International Power has dismissed media reports the company is close to striking a deal to close Hazelwood Power Station as "speculative", but admit they would be willing to accept compensation to close the plant.
Reports in the The Age last week suggested Hazelwood could be brought out as part of a deal being brokered to secure a carbon price package.
According to The Age the deal would include a plan to pay for the closure or conversion of at least one of the nation's coal-fired power stations and suggested Hazelwood or South Australia's Playford plant as likely candidates.
In a written statement International Power said it was continuing to have "negotiations with the Federal Government in good faith".
"We have said on numerous occasions that we are open to the potential for a full phased closure of older brown coal-fired plant over a sensible period of time in return for a financial package that respects our long-term investment in the asset," the statement said.
"As we have repeatedly told the Federal Government, if the value of generation companies is destroyed through regulatory change, then the Australian government will send all the wrong signals to investors, Australian workers and their local communities."
"My theory is that these deals have been done, but the union movement and the workforce and the community as a whole isn't a part of the equation," Mr Parker said.
He said transition away from coal-fired power generation needed to include job replacement for workers affected by the change.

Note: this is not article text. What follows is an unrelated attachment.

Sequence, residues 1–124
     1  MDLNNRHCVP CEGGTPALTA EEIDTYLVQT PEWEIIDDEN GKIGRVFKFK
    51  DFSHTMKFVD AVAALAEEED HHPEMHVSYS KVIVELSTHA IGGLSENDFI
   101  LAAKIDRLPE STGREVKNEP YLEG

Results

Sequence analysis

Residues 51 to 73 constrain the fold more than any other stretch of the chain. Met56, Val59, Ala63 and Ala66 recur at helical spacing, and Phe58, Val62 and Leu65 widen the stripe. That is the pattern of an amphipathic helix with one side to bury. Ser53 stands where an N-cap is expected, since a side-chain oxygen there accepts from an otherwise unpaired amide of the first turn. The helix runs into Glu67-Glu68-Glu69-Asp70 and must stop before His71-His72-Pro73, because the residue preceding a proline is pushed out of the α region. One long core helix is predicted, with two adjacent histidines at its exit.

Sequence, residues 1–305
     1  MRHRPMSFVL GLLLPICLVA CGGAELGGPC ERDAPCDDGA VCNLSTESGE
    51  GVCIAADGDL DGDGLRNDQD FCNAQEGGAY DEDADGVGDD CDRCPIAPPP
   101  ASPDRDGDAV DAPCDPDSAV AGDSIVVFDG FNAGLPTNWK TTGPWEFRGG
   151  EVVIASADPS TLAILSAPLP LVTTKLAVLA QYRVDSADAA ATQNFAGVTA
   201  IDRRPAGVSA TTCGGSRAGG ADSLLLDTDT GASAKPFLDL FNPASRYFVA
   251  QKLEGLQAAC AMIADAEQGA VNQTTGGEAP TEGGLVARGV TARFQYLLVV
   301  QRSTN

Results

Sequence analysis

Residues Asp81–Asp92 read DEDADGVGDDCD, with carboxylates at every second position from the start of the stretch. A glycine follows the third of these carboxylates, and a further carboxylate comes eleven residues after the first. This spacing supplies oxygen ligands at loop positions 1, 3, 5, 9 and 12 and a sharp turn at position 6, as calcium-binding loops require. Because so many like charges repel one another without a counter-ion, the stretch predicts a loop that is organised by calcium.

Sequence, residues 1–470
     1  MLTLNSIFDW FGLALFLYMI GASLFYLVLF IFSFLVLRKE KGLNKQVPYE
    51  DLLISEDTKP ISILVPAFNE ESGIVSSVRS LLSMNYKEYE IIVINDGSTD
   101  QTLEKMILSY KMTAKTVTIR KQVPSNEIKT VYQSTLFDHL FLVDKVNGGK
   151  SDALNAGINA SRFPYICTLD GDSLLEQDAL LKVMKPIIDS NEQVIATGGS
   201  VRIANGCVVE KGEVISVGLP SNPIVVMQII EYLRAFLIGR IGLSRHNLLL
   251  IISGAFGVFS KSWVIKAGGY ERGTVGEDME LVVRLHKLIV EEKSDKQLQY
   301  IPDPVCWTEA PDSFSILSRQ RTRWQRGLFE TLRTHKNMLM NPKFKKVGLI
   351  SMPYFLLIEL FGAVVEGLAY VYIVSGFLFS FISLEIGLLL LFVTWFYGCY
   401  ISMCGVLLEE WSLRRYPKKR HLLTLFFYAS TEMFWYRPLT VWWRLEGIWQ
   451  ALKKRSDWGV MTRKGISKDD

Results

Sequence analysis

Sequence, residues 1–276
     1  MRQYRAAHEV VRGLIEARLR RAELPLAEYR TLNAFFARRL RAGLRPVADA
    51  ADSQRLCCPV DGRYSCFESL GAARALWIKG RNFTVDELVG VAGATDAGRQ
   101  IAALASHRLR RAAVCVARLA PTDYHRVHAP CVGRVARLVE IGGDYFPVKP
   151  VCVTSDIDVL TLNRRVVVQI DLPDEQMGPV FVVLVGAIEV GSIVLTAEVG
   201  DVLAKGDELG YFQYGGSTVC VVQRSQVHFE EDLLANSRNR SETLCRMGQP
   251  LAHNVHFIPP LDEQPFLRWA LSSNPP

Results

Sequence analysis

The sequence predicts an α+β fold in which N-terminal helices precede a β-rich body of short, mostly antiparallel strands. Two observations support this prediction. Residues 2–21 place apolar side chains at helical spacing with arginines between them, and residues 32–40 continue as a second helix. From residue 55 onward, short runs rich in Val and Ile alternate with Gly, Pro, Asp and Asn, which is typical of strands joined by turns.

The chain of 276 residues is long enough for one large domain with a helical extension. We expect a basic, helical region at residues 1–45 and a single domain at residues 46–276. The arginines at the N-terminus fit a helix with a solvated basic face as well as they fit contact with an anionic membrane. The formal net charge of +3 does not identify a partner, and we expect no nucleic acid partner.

"If the chain goes on the gate and the workers haven't been satisfied and the comm hasn't been satisfied our members will react," Mr Parker said.
"At the moment they're tolerant and have an understanding about how transition and job replacement will take place.
"As long at that takes place they will accept it, but if there is no jobs to replace it they will react."
Environment Victoria campaigns director Mark Wakeham said media reports about the phased closure of Hazelwood were "an encouraging sign that the negotiations are heading in the right direction" but wanted to see the detail.
He said the reports suggested the deal would represent better value for money than the $7.3 billion compensation package proposed under the Rudd Government's carbon pollution reduction scheme.
"We think it's important we're beginning to start closing units at power stations like Hazelwood in the next two to three years," Mr Wakeham said.
"The day that Hazelwood is fully closed will be a very significant environmental outcome but we need to be sure we deliver good social outcomes as well."
He backed sections of Professor Ross Garnaut's report to the Federal Government which suggest $1 billion over four years to help regions such as the Latrobe Valley transition away from carbon-intensive industries.
A deal on carbon pricing is expected within weeks following further negotiations between the Federal Government and its partners in the Multi-Party Climate Change Committee.
Gippsland Trades and Labour Council secretary John Parker said any deal to phase out Latrobe Valley power stations should involve union and community input, rather than just talking "to multi-national corporations who will walk away from our shores with a bag full of money".
"We haven't got a plan at all of what the future power generating capacities (will be) over the next 10 years," Mr Parker said.
He said plans were based around the notion the private sector would provide "the answer" in addressing future electricity generation needs, which would not produce outcomes that benefited the community.